As leaders in healthcare and the clinical treatment of chronic disease, the American College of Lifestyle Medicine has a responsibility to address certain issues that define our values and impact the field.

The diligent development of authoritative statements on issues and values is essential for inserting lifestyle medicine into decision-making processes.


ACLM’s dietary position:

For the treatment, reversal, and prevention of lifestyle-related chronic disease, ACLM recommends an eating plan based predominantly on a variety of minimally processed vegetables, fruits, whole grains, legumes, nuts, and seeds.

(Note: ACLM supports a dietary spectrum and avoids use of “vegan” and “vegetarian” wording.)

ACLM’s diet-climate position:

ACLM acknowledges that the leading cause of chronic disease and the leading cause of so many of our most pressing global sustainability issues is one and the same: our Western pattern diet. Shifting to a whole food, plant-predominant dietary lifestyle is optimal in order to protect human health and fight disease; this dietary lifestyle pattern is also what is best for the planet, enabling us to preserve our precious natural resources, rein in greenhouse gas emissions, and feed what soon will be over nine billion people on the face of the earth.

ACLM’s obesity position:

Chronic disease clinical guidelines for multiple conditions, including overweight and obesity, promote lifestyle interventions as a first treatment. Patients’ best interests call for a compassionate, evidence-based approach addressing the six lifestyle pillars, as defined by the American College of Lifestyle Medicine (ACLM), to achieve a goal of health restoration. These pillars include 1.) regular physical activity, 2.) whole-food, plant-predominant nutrition, 3.) restorative sleep, 4.) stress management, 5.) positive social connection, and 6.) avoidance of risky substances; also acknowledging each individual’s lived environment and genetic predisposition, as many people live in a home or societal environment that promotes and exacerbates weight gain.

While adequately dosed lifestyle interventions may unilaterally achieve success, obesity is a complex, multifactorial disease wherein patients may require approaches beyond lifestyle alone. However, lifestyle interventions are too often not adequately “dosed” for success. Lifestyle medicine clinicians are trained to prescribe a therapeutic dose of all six pillars. Evidence supports the efficacy of these interventions in addressing the underlying causes of disease, including gut dysbiosis, endothelial dysfunction, oxidative stress, and chronic inflammation.

A comprehensive lifestyle medicine approach prevents and treats many other co-morbidities associated with overweight and obesity, including, but not limited to, hypertension, high cholesterol, heart disease, type 2 diabetes, and arthritis, and a lifestyle medicine approach can also reduce the risk of many types of cancer. Lifestyle medicine must become the foundation of comprehensive treatment, with or without surgery and/or medications as adjunctive therapies. ACLM stands ready to be a resource to help clinicians and patients in treatment of adult and pediatric overweight and obesity.

ACLM’s non-discrimination position:

The American College of Lifestyle Medicine (ACLM) was founded upon and operates on the values of respect, integrity, and trust for all whom we serve.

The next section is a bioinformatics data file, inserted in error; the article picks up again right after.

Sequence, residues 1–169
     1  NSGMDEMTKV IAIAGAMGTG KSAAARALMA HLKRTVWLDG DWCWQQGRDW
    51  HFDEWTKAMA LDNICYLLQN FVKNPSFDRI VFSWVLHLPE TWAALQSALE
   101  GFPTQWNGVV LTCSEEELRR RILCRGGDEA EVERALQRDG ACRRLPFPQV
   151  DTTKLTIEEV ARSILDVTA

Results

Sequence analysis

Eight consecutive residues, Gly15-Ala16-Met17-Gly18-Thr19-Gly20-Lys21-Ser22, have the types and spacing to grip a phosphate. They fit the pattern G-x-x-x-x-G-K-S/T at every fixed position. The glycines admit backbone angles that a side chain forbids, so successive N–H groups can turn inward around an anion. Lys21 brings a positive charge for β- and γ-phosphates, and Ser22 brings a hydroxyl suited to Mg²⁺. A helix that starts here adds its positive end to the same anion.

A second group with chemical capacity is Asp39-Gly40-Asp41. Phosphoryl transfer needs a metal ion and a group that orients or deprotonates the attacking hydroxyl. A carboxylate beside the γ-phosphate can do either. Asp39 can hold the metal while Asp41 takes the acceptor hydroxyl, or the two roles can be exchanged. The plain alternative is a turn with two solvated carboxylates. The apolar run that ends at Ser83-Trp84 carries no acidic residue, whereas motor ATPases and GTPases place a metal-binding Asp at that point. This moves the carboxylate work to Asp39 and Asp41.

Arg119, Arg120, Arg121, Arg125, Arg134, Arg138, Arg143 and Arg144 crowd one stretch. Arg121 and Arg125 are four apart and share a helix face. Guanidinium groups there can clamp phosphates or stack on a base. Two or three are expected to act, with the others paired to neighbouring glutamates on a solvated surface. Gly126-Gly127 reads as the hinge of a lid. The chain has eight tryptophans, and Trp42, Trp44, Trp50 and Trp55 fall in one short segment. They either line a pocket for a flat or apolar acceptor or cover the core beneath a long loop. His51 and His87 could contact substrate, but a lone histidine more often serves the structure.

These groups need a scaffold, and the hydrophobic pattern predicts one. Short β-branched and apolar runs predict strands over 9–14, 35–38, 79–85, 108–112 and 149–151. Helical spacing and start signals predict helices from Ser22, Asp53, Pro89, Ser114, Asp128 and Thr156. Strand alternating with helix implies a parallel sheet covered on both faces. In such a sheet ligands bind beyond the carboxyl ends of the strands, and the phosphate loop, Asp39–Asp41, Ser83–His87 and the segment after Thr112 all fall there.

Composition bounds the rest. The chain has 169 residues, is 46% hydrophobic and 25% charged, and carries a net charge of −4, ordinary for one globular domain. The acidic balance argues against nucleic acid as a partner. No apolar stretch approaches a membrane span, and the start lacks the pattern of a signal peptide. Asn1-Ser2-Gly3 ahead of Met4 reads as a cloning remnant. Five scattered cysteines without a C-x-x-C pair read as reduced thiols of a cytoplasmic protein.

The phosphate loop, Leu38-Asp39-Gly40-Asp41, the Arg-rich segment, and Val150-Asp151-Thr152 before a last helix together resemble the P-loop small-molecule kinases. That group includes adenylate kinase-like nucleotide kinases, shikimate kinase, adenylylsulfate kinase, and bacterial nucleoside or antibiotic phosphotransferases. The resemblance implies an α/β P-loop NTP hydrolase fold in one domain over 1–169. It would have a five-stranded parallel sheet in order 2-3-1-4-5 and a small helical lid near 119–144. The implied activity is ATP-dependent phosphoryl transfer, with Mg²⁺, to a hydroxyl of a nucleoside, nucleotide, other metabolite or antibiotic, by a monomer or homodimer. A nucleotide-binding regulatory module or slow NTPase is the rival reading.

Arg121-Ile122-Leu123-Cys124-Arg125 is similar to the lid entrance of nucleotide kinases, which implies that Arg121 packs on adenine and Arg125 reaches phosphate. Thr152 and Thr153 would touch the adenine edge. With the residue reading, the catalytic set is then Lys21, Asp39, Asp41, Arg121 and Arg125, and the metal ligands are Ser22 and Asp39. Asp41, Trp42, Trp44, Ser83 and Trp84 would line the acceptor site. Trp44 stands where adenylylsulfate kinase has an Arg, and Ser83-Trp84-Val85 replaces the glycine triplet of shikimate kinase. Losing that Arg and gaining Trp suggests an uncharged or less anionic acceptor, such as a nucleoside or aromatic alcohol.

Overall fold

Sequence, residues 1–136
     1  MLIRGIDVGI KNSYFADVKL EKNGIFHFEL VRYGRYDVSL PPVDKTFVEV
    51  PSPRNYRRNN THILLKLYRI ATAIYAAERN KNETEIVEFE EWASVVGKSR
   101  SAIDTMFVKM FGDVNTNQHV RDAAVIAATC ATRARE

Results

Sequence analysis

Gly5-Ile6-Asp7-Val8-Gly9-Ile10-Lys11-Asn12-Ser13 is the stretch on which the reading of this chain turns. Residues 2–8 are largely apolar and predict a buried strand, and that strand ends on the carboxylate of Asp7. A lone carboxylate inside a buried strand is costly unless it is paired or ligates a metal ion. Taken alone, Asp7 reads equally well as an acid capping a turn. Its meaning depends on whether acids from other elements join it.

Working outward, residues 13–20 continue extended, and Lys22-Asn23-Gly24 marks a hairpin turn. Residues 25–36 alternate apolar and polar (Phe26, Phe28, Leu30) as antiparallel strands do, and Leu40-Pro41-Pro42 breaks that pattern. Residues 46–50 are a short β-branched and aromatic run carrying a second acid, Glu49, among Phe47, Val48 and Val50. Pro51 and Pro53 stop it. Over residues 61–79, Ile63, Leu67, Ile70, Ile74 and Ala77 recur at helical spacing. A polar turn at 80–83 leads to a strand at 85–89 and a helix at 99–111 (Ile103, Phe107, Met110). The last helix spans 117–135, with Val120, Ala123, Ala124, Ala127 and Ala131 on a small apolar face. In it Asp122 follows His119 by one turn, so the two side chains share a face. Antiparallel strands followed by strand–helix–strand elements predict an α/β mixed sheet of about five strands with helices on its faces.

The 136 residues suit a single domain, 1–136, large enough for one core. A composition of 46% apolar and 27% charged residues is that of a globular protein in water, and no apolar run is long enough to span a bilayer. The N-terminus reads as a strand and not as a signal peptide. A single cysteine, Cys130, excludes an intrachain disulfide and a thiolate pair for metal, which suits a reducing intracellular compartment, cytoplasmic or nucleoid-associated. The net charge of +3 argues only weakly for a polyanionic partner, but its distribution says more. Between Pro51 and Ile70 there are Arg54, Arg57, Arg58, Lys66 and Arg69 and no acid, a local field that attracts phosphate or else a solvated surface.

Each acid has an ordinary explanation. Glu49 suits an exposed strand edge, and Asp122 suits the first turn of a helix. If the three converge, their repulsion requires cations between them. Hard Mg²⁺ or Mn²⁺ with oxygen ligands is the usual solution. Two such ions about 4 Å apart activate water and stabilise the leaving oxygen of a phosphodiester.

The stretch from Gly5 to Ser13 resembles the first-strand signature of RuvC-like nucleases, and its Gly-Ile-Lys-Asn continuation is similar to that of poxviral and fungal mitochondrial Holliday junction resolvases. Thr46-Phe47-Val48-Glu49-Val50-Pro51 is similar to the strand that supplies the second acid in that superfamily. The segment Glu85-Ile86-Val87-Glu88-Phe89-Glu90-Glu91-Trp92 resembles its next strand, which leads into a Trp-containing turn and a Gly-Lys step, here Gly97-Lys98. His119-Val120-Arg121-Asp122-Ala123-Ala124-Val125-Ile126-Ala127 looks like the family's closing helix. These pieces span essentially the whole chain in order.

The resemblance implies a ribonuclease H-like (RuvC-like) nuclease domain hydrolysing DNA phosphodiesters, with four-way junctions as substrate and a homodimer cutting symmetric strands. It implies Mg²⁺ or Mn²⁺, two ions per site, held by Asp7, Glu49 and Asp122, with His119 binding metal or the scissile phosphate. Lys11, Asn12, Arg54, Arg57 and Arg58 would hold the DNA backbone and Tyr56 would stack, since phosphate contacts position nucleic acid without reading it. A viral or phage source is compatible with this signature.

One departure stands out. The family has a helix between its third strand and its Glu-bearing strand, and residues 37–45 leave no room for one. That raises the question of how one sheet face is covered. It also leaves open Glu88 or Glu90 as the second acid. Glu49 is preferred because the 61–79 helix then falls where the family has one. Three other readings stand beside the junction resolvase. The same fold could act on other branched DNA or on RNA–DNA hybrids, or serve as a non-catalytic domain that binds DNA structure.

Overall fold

We are guided by our core values and our vision of lifestyle medicine being the foundation of health and all health care as a service to ALL people.

We are committed to providing a welcoming and inclusive environment for all who are touched by our organization, including, although not limited to, through employment, membership, elected leadership, appointed leadership, volunteer service, strategic partnership, or by engagement with ACLM as a subcontractor, vendor, or client.

In regard to any and all activities of operation, we do not exclude people or treat them differently because of race, color, religion, gender, gender expression, age, national origin, disability, marital status, sexual orientation, or military status. These activities include, but are not limited to, membership application, hiring and firing of staff, nomination and election of leadership, selection of volunteers and vendors, and provision of services.

PUBLISHED: Research Position Statements


Type 2 Diabetes Remission and Lifestyle Medicine: A Position Statement From the American College of Lifestyle Medicine

Objectives. The present review represents the position of the American College of Lifestyle Medicine on type 2 diabetes (T2D) and remission treatment. Background. Research now reveals that sufficiently intensive lifestyle interventions can produce remission of T2D with similar success to bariatric surgery, but with substantially fewer untoward side effects. Methods.
A literature review was conducted to examine lifestyle modifications targeting T2D remission, with most studies using a combination of blood glucose markers and treatment history.

Results. There were notable differences in the dosing intensity of lifestyle interventions between therapeutic interventions and subtherapeutic interventions. Studies with therapeutic dosing typically used very low energy diets (600-1100 kcal/day) with a weighted mean remission rate of 49.4%, while studies with subtherapeutic dosing typically used more moderate caloric restrictions (reducing energy intake by 500-600 kcal/day) and the weighted mean remission rate was 6.9%. Conclusions. Remission should be the clinical goal in T2D treatment, using properly dosed intensive lifestyle interventions as a primary component of medical care for T2D patients.

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